Institutional investors and the securitization market aren’t interested in OnDeck’s loans, at least at prices that work for OnDeck. And the loans it puts on its expensively-funded balance sheet take a while to generate income. OnDeck’s much-vaunted “hybrid” funding model couldn’t ride out the turbulence.

Prosper, the granddaddy of the true marketplace lenders, laid off more than a quarter of its staff due to reduced growth expectations. The reason? Institutional investors again. This when the horizon is looking stormy for other players. SoFi is giving strange signals about its funding, announcing steps such as in-house hedge funds and giving precious equity to institutional funders who will commit to long-term funding. Avant’s first quarter loan volume dropped 27%.

Consumer and small business acceptance of online lending has continued to grow, although satisfaction levels decline as interest rates increase. The industry is working hard to create borrower- and regulator-friendly standards and curb the “wild west” outliers. Brand value is being created. The front-end and back-end technology (in the case of the true marketplace lenders) works well. So far, individual marketplace investors have stayed loyal (stay tuned on that front when losses start to show up). Bank partnerships, which leverage banks’ stable funding sources, are on the upswing. That means there’s still time to right the ship.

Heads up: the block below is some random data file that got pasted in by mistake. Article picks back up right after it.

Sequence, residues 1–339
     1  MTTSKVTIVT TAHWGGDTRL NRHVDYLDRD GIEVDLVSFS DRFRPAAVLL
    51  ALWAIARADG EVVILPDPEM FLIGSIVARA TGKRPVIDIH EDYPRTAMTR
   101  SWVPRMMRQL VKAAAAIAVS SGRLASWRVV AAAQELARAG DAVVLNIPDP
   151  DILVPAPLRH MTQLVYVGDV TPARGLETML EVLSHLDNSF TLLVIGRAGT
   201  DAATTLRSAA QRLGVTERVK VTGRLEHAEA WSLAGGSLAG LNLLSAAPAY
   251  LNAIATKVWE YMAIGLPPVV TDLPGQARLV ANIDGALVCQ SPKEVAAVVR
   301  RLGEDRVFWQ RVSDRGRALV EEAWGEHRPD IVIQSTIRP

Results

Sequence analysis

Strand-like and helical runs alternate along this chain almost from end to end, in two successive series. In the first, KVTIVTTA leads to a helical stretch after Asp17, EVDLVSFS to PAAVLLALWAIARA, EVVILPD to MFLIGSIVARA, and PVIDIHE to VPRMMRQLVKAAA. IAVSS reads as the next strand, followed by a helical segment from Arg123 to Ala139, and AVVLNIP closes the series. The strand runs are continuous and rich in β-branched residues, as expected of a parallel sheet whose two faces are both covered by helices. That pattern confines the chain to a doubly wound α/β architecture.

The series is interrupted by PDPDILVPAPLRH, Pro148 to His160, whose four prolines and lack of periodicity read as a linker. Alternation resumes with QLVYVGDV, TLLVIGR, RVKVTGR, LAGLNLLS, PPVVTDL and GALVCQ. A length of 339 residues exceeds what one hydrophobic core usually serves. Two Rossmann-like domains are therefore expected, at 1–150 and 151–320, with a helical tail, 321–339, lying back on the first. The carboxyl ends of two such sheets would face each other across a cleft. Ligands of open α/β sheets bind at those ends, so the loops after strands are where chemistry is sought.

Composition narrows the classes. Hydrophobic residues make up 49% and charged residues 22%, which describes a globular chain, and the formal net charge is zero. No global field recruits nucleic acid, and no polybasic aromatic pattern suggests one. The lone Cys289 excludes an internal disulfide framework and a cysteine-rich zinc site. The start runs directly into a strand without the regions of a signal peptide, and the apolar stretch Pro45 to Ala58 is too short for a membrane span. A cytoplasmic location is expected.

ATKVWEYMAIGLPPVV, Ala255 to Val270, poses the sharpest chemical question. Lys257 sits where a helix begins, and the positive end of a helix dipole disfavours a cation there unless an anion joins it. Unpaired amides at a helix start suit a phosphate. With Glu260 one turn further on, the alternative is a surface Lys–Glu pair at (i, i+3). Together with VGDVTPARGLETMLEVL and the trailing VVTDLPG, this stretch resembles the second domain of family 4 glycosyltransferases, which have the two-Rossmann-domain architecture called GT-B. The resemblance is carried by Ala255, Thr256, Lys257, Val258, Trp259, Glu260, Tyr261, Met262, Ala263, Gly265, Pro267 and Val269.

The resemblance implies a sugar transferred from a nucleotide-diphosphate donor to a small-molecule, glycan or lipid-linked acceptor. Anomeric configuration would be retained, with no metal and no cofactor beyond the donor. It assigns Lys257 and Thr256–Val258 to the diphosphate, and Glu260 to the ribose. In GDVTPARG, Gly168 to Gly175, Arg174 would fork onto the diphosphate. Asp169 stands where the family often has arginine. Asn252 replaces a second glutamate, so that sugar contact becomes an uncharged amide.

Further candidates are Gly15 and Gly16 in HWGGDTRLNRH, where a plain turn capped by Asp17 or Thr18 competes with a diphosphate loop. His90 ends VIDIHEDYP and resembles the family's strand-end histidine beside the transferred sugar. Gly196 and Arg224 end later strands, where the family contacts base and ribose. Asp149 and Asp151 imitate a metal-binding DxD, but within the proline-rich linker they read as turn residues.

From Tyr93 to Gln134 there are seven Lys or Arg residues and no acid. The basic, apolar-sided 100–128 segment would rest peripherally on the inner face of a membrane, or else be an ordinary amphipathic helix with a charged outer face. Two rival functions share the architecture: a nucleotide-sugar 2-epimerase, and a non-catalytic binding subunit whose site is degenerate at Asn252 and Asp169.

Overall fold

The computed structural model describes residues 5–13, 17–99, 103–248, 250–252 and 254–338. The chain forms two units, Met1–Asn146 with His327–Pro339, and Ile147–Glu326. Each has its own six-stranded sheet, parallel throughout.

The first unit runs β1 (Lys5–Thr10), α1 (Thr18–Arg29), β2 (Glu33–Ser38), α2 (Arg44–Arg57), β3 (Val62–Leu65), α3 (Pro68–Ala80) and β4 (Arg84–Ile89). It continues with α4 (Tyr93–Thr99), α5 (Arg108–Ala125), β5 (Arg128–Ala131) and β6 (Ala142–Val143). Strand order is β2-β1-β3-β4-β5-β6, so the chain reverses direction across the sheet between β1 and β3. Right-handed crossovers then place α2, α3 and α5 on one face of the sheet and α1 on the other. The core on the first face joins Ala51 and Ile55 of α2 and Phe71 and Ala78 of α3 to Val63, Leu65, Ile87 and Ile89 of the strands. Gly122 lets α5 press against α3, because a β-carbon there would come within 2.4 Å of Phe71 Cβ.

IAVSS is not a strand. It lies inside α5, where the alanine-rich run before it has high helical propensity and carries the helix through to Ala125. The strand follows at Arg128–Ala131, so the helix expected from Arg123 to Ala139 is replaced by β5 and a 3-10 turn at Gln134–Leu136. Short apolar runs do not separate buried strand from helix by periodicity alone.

Business models — particularly related to funding — are unsustainable, even in good credit times.

But keep in mind that you have more leverage in this situation than you may think. The banks need you just as much as you need them. It’s no secret that they are terrible at one of the things you are best at — developing and deploying nimble, customer-friendly, easy-to-use technology solutions. And they see you as the gateway to the millennial customers they are so worried about keeping. It smells like a win-win situation to me.

Marketplace lending funds represent good value – would a benchmark help to illustrate this?,  (Alt Fi), Rated: AAA

Stock markets have undergone a significant change of heart with respect to the value they ascribe to listed marketplace lending funds.

The manager behind P2PGI – MW Eaglewood – can reflect on some remarkable achievements.  They have successfully deployed the cash proceeds of the initial IPO.  Indeed they deployed so effectively that they have raised further capital along the way, taking the fund to £870 million of capital today, from £200 million at the outset.

The fund has also acquired equity stakes in some of the most exciting origination platforms that are increasingly recognised as the dominant players in the marketplace lending universe.

However, in the face of this progress, the stock market is not impressed.  The premium has turned to a discount.  This discount approached 17% in Q1 and persists today at around 10%.  The market seems to be expressing a concern about the likelihood of the assets in the P2PGI book delivering the consistent 6-8% returns that have been promised.